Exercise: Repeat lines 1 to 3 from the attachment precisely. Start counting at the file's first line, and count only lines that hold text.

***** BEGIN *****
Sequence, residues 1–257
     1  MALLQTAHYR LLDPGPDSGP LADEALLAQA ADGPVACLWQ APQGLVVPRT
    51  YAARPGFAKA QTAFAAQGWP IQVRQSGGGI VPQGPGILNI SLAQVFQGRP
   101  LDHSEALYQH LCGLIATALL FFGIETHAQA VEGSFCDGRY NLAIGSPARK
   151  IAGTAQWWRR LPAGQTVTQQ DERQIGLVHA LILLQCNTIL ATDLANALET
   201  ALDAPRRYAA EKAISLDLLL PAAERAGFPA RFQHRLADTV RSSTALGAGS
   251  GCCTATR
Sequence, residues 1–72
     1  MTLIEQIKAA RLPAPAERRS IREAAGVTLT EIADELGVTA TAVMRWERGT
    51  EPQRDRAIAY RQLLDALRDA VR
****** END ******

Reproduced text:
Sequence, residues 1–257
     1  MALLQTAHYR LLDPGPDSGP LADEALLAQA ADGPVACLWQ APQGLVVPRT
    51  YAARPGFAKA QTAFAAQGWP IQVRQSGGGI VPQGPGILNI SLAQVFQGRP